What a beautiful last few days we have had across central Maryland! However, back-to-back days of record breaking warmth can never go without a little payback from mother nature. Starting tonight temperatures will crash as mixed bag of precipitation moves into the area. Although we are expecting some light snowfall tomorrow morning, accumulation and impacts should be minimal around the College Park/DC area.
Chance that the University of Maryland has a delayed opening: 50%
Chance that the Univiersity of Maryland closes: 10%
Temperatures will steadily fall throughout the night as the first wave of precipitation arrives as early as 10 p.m. It will be too warm to support snowfall until around 6 a.m. Therefore, we don’t expect any travel concerns overnight. Winds will pick up to 10-15 mph out of north (bringing in colder air) and possibly gust up to 20 mph.
Thursday morning is when it gets interesting. Here is a timeline of what to expect in College Park:
4:00 am-6:00 am:
Starting around 4 am the rain/snow line has entered northern Maryland and is pushing southward into College Park. Areas of Howard, Baltimore, and Carroll counties should see an extended period of snowfall that will add up to 1-3 inches on grassy surfaces. It is tough to tell how much will stick to roadways due to the warmth the last two days, but heavy snowfall rates can lead to slick roads.
6:00 am-8:00 am:
Rain changes to snow from north to south across PG county and DC. The snow could be heavy at times. This will reduce visibility on the roads. Temperatures will be right around freezing so roadways should be just wet, however; bridges and sidewalks may become covered if it is snowing heavily. Accumulations on grassy surfaces may reach an inch or two around College Park. Areas towards the north, such as Howard and Baltimore, could see a total of 2-4 inches. Winds will also pick up to 15-20 mph, gusting to 25 mph.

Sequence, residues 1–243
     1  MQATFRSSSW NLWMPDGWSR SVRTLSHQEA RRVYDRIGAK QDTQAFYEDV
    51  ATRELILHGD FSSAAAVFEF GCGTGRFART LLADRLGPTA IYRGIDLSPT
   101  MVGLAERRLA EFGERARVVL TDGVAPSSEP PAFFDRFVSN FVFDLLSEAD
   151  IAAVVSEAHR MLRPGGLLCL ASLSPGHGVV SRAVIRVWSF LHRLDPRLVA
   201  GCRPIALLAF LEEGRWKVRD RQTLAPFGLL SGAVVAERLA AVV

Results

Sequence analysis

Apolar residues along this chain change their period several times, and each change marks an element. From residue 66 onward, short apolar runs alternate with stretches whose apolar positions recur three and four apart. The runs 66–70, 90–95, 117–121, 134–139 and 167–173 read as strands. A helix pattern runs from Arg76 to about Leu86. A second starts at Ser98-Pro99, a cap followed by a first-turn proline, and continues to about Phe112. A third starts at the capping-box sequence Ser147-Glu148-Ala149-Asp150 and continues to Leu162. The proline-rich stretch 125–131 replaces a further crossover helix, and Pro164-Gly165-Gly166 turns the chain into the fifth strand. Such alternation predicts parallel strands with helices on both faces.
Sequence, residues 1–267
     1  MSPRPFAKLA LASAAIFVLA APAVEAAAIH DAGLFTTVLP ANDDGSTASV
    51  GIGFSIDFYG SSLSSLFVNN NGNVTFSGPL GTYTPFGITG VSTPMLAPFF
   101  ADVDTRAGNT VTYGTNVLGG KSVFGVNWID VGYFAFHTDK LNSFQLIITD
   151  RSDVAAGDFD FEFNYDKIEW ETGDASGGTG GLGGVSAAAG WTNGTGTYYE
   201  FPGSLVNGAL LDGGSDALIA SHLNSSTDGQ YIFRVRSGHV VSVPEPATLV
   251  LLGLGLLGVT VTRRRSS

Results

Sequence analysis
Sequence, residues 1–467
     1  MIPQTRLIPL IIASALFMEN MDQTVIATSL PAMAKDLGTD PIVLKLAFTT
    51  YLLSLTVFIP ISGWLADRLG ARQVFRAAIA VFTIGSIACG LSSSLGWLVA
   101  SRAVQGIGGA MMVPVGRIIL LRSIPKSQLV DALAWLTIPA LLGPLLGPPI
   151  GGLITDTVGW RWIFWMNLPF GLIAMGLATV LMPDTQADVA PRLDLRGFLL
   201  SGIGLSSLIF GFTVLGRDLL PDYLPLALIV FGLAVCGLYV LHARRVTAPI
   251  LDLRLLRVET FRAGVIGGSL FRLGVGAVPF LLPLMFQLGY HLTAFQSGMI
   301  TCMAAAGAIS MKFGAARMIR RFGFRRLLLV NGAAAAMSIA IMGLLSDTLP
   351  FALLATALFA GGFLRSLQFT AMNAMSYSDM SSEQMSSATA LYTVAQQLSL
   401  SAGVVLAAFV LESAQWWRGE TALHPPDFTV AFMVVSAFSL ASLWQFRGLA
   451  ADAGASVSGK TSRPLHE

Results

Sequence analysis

8:00 am-10:00 am:
Snow becomes lighter and tappers off from west to east during this period as temperatures bottom out right around 32 degrees. Winds continue to howl around 20 mph out of the north.
Through Thursday Evening:
Temperatures stay in the 30s and winds whip at 20-25 mph, gusting to 40 mph. Skies stay mostly cloudy throughout the day. There is also a chance for some lake effect snow squalls to pass through the region during the evening rush hour. Therefore, it is recommended to check the weather conditions when traveling tomorrow to avoid a surprise.
What could go wrong?
This type of storm and forecast depends on the exact timing of the heavy precipitation and cold air. If the precipitation leaves the area before the cold air arrives, then a few snow showers would be the only concern. If the cold air arrives sooner, then heavy snowfall could cause accumulation and travel concerns during the morning rush hour. Since this forecast is very fluid, I recommend setting your alarm just a little earlier so you can check conditions before venturing out.